Welcome to F&W Gear Guides. Each week on Wednesday, we publish a buyer’s guide to an essential piece of kitchen gear based on real world testing. Missed an installment? Find them all here.
After testing 15 corkscrews over multiple dinner parties, we found the best classic waiter’s friend, a wonderful but extraordinarily costly upgrade, a very nice lever corkscrew, an electric model that beats its competition and a one-of-a-kind opener that’s ideal if you frequently open older bottles.
The Search for the Best Corkscrew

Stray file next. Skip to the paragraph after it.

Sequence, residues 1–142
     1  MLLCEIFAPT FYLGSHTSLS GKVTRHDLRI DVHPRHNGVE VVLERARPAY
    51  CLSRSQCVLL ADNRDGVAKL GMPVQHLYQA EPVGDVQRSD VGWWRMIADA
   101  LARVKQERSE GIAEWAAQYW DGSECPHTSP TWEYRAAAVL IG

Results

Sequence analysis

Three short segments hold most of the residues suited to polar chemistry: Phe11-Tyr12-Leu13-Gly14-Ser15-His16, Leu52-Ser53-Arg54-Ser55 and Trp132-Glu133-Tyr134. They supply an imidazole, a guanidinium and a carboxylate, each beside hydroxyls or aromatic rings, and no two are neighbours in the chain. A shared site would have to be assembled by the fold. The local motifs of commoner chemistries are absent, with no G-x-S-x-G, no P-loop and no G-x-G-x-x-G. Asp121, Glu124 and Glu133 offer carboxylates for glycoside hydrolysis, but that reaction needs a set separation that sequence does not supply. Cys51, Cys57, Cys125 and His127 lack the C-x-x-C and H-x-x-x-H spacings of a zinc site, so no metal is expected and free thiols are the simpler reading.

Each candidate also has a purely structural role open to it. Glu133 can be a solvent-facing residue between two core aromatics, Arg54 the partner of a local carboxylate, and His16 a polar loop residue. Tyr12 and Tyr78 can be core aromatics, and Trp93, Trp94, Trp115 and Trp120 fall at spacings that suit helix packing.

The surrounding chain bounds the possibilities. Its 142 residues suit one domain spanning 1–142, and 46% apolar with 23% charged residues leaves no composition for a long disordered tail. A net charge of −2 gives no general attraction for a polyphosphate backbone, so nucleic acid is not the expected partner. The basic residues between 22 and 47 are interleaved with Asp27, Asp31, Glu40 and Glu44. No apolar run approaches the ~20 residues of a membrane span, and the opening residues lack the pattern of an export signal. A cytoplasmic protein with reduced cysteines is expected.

As long as wine has been packaged in glass bottles—since the 17th century, roughly—there have been tools designed for the safe removal of cork stoppers. Although they came in many shapes and sizes, most antique corkscrews were variations on the screwpull model. That is, a metal helix (also called a “worm”) sometimes encased in a frame that could be twisted down vertically into a cork, requiring the person wielding it to brace the bottle and tug firmly upwards until the cork emerged, often with a cartoonish popping sound. Screwpulls are still around today. And still effective, too, though I would exercise caution when using one on a bottle of red while wearing a white blouse or dress.